Monday, March 17, 2008

Picks of the Week: March 16 - 22, 2008

Website of the Week -- Association of Donor Relations Professionals

The Association of Donor Relations Professionals (ADRP) is the international association of professionals who advance their non-profit institutions by building and sustaining the donor relationships that lead to fund-raising success. ADRP support the development community by promoting the professional status of donor relations and stewardship offices through educational, professional development and networking opportunities. Conferences and workshops are open to members and non-members alike. Go to:

Publication of the Week -- Nonprofit Financial Planning Made Easy by Jody Blazek

From the publisher: This Second Edition of Nonprofit Financial Planning Made Easy presents easy-to-implement strategies to make financial management a more streamlined, effective process in nonprofits of all types and sizes. Addressing five key areas of financial planning, it provides practical forms and checklists to aid nonprofit managers in managing their organizations' financial resources.

Filled with numerous checklists, worksheets, and forms to guide nonprofit professionals step-by-step through the financial planning processes, this straightforward book avoids technical financial language and trendy business terms in favor of simple, down-to-earth advice filled with examples of proven financial planning strategies based on the author's firsthand experience advising nonprofits.

Jody Blazek (Houston, TX) is a partner in Blazek & Vetterling, LLP, a Houston-based CPA firm providing tax-compliance and auditing services to tax-exempt organizations as well as tax consulting services to other accountants and lawyers who serve nonprofits. She worked with the 1023 Revision Task Force, is currently on the 990 Revision Task Force, and is past chair of the AICPA Exempt Organization Resource Panel. Click to preview this book on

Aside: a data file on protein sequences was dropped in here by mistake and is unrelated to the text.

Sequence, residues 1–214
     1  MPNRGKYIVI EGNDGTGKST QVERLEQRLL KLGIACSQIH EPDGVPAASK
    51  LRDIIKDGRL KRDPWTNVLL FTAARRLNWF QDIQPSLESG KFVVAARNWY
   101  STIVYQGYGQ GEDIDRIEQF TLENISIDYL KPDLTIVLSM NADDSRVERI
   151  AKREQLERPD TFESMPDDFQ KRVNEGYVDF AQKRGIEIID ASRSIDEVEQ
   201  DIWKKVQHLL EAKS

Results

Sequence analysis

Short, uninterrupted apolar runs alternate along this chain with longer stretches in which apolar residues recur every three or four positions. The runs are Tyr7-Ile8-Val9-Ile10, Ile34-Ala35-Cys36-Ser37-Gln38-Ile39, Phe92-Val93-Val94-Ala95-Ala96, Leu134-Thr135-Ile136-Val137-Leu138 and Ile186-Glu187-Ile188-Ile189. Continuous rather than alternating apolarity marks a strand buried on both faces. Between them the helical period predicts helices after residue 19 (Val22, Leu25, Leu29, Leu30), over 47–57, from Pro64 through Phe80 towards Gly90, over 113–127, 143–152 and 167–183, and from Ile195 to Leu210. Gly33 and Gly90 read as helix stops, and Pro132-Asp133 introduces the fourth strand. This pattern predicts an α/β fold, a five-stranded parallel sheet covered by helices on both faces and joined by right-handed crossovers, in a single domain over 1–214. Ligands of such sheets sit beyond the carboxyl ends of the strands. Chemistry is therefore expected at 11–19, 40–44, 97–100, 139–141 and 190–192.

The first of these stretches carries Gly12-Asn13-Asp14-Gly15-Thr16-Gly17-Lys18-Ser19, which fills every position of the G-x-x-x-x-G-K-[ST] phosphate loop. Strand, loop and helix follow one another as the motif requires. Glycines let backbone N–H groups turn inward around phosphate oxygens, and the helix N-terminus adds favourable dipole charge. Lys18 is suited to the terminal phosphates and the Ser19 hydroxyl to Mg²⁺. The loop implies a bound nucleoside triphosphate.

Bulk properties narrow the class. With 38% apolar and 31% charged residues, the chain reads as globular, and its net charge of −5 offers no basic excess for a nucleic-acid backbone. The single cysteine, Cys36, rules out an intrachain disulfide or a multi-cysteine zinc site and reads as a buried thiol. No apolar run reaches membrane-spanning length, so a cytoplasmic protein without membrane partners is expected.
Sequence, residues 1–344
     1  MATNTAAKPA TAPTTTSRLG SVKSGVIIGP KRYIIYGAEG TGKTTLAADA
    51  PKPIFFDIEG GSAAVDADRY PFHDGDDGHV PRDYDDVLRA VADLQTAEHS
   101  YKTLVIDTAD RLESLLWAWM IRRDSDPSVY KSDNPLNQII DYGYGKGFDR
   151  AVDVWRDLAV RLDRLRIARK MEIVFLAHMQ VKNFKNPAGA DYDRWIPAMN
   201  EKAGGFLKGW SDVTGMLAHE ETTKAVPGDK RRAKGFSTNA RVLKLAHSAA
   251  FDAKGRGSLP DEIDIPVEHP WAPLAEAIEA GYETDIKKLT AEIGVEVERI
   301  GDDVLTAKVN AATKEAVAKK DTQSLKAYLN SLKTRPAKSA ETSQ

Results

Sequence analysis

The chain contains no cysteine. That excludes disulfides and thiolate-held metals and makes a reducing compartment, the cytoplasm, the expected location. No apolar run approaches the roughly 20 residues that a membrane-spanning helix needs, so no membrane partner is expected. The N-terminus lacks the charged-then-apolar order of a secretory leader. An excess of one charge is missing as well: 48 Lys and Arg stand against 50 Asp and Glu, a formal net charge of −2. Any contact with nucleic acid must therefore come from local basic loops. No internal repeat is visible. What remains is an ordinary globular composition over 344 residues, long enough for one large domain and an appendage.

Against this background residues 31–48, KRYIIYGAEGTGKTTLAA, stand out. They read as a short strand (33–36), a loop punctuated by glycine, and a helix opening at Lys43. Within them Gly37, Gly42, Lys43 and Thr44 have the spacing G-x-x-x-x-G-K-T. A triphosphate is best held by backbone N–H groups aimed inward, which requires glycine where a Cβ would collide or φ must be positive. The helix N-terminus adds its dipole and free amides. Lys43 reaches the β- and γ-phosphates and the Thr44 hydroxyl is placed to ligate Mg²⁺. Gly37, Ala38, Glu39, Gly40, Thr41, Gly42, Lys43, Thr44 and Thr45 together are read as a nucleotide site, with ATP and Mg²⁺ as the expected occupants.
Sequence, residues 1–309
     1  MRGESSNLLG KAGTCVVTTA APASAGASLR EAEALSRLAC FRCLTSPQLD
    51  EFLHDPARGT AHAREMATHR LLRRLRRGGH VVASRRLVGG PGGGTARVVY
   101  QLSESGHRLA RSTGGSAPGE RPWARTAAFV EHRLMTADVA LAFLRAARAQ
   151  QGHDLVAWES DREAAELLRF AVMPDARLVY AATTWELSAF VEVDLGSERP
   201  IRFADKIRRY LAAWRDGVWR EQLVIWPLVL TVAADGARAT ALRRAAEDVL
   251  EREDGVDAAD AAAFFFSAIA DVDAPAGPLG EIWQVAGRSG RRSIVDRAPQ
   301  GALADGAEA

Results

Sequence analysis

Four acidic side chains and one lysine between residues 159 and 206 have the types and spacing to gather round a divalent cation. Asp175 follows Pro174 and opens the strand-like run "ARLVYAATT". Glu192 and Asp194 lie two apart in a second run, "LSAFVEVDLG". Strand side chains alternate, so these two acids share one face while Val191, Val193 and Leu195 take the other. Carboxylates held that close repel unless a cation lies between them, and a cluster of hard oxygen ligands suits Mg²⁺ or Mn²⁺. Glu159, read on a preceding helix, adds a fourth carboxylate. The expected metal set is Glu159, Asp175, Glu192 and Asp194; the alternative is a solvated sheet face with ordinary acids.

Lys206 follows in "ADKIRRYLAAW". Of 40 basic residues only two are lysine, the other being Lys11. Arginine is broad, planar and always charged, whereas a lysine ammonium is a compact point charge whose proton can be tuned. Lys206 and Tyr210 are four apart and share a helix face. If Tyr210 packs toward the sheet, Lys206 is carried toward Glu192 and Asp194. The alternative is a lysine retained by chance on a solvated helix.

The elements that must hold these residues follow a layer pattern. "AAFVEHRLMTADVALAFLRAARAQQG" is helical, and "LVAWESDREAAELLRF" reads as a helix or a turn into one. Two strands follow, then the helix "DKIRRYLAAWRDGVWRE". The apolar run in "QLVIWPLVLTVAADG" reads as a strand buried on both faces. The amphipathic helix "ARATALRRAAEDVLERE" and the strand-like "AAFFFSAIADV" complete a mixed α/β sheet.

Trend of the Week -- Givers See Nation's Charities as Crucially Important But Wary of Slick, Pushy Marketing

According to a report, The Charitable Impulse, by the nonpartisan research organization Public Agenda, American donors are passionate and positive about the charities and nonprofits they support. But at the same time, according to focus groups, they are concerned when these organizations market themselves in ways that mimic "big business." The study was conducted in collaboration with the Kettering Foundation and in partnership with the Independent Sector. Donor sentiment about charitable organizations, Public Agenda reports, is "enthusiastic and positive," especially when it comes to smaller, local charities and human service organizations, and typical giving tends to be based on personal experience and emotional connections. But givers also have a long memory for scandal and waste. Focus groups took past misdeeds "quite personally and the breach is nearly impossible to repair," the report states.

Givers also had strong and spontaneous negative reactions when nonprofits adopt big-business type marketing and sales techniques. Glossy brochures, unsolicited "gifts," telephone solicitations, and high-pressure appeals "all came in for criticism and generated a high level of annoyance." For the most part, donors associated the term "nonprofit" almost entirely with the work of charitable, human services organizations. Many seemed surprised and even a little resentful that large nonprofits such as hospitals and universities (organizations that charge significant fees for their services) actually fall into this category. Report highlights are available in a news release at For the full report, go to:

Resource of the Week -- Nonprofit Fundraising Web Resources

Hosted by the Michigan State University Libraries, this collection pf resources compiied by Jon Harrison, is intended as a starting point for those who are interested in learning more about foundations, fundraising, proposal writing, philanthropy and philanthropists, corporate philanthropy, international philanthropy, government funding, nonprofit organizations, nonprofit organization administration, planned giving, prospect research, and voluntarism, but only want to look at resources available on the web. Go to:

Tech Tip of the Week -- Creating Lines in Word

One of our favorite shortcuts from previous versions of Word still works in Word 2007! To create lines across the page of a Word document:

• Type three consecutive hyphens and press Enter for a normal line
• Type three underscores and press Enter for a bold line
• Type three equal signs and press Enter for a double line

These lines extend from the left margin to the right margin and the size of these lines will change if you change the margins of your document or if you change the orientation from Portrait to Landscape.

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